New Zealand's new building consents rose to a five-year high last month as new apartments and retirement village units added to the weight of pending construction permits.
Building consents lifted 43 per cent to 1,755 in April from the same month a year earlier, the most in a month since April 2008, according to Statistics New Zealand.
Seasonally adjusted, residential consents rose 19 per cent to 1,779 last month. Stripping out the typically volatile apartment season, consents were still up a seasonally adjusted 13 per cent to 1,603.
Consents were up across all of the major centres, with Hawke's Bay the only region to issue fewer new dwelling permits compared to April 2012.
Some 17,922 new dwellings have been issued building consents in the 12 months ended April 31, worth $6.66 billion.
That's 21 per cent more consents issued than a year earlier, at a 26 per cent greater value.
The figures come after Reserve Bank governor Graeme Wheeler gave the heating housing market another serve in a speech this morning as property values threaten to reach bubble-territory, putting the country's financial stability at risk.
Wheeler said the government's plans to speed up the consenting process should help Auckland supply issues, and "demand for housing could also be moderated by changing the tax treatment of housing to reduce its attractiveness as an investment to other assets."
The value of non-residential building consents rose 35 per cent to $308 million in April from the same month a year earlier, and was 6.9 per cent higher on an annual basis at $3.95 billion.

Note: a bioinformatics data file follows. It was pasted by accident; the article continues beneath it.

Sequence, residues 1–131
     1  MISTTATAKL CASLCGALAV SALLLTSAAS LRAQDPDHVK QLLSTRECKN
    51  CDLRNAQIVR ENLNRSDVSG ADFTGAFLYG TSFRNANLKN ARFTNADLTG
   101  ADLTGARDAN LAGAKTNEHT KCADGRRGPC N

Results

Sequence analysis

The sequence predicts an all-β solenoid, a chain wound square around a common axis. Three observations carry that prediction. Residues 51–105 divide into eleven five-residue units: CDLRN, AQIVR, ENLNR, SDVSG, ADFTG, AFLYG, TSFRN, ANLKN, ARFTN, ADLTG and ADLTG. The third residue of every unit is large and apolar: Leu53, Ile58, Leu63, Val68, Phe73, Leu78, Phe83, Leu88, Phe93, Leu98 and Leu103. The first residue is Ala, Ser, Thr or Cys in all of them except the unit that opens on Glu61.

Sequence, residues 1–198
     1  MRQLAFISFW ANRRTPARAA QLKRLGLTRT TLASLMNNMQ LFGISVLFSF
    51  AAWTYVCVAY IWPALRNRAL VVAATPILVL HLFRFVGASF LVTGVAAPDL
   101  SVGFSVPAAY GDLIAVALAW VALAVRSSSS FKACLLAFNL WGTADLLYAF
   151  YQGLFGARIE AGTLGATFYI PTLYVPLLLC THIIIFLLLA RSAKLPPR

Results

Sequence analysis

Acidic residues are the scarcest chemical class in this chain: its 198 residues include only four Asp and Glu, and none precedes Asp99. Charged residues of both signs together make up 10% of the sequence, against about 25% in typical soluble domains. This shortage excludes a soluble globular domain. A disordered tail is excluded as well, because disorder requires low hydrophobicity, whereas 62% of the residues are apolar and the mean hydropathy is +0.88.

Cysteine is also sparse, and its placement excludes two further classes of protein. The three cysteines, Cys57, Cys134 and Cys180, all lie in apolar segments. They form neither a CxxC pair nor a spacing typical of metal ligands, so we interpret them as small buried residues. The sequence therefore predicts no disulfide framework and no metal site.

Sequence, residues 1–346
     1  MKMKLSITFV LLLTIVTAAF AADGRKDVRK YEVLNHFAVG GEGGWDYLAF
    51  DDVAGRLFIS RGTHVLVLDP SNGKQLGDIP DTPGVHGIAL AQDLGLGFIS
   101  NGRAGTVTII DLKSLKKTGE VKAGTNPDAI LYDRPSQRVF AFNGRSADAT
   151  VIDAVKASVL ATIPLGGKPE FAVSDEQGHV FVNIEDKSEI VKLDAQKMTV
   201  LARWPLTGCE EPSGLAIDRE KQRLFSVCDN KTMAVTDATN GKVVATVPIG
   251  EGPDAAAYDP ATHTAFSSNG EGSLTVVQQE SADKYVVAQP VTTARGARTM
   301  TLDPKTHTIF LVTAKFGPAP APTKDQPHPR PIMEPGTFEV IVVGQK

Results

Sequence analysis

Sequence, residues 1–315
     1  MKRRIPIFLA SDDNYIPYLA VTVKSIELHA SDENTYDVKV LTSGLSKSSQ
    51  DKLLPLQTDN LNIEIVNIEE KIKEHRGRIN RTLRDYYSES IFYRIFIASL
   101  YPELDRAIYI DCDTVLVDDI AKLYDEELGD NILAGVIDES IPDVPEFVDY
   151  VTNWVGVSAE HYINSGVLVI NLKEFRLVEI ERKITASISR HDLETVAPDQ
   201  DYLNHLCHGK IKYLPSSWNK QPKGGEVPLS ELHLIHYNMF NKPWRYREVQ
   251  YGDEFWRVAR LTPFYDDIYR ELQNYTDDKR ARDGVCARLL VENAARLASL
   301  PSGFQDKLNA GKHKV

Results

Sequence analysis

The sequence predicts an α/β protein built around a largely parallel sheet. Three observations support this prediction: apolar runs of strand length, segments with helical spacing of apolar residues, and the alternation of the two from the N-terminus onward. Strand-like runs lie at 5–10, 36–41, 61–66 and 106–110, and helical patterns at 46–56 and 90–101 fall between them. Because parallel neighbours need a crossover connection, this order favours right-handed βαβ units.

All building work, including residential, non-residential, alterations and additions, rose 41 per cent to $954 million in April from the same month a year earlier, and was up 18 per cent at $10.61 billion.
ASB economist Christina Leung said while the rebound in building consents was stronger than expected, growth in consents in Auckland still remained too gradual to address the supply/demand imbalances.
"Dwelling consent issuance had been strong in Auckland over early 2013 as stronger house price inflation encouraged house-building in the region, but this increase in house-building demand appears to be slowing.
"This is a concern, particularly as the recovery in net migration inflows is likely to put further demand pressures on the housing market over the coming year."
ANZ economist Mark Smith said the large rise in April was likely to be a result of the early timing of Easter, but also illustrated "the tailwinds provided by a strengthening housing market".
"Rising Canterbury issuance confirms the rebuild is on track, but low issuance in Auckland is unlikely to assuage Reserve Bank concerns over the speed at which rising Auckland supply will contain the buoyant market.
"The steep rise in construction costs is another warning of looming inflation headaches, to contend with the high NZD to keep the OCR low," Smith said.
Another economist, Michael Gordon of Westpac, also pointed out the effects of the early Easter and said there appeared to be an upward trend in residential building consents.
Housing consent numbers for April 2013, compared with April 2012, were:
• 1,755 new houses, including apartments (up 43 per cent)
• 1,541 new houses, excluding apartments (up 41 per cent)
• 214 apartments (up 76 from 138).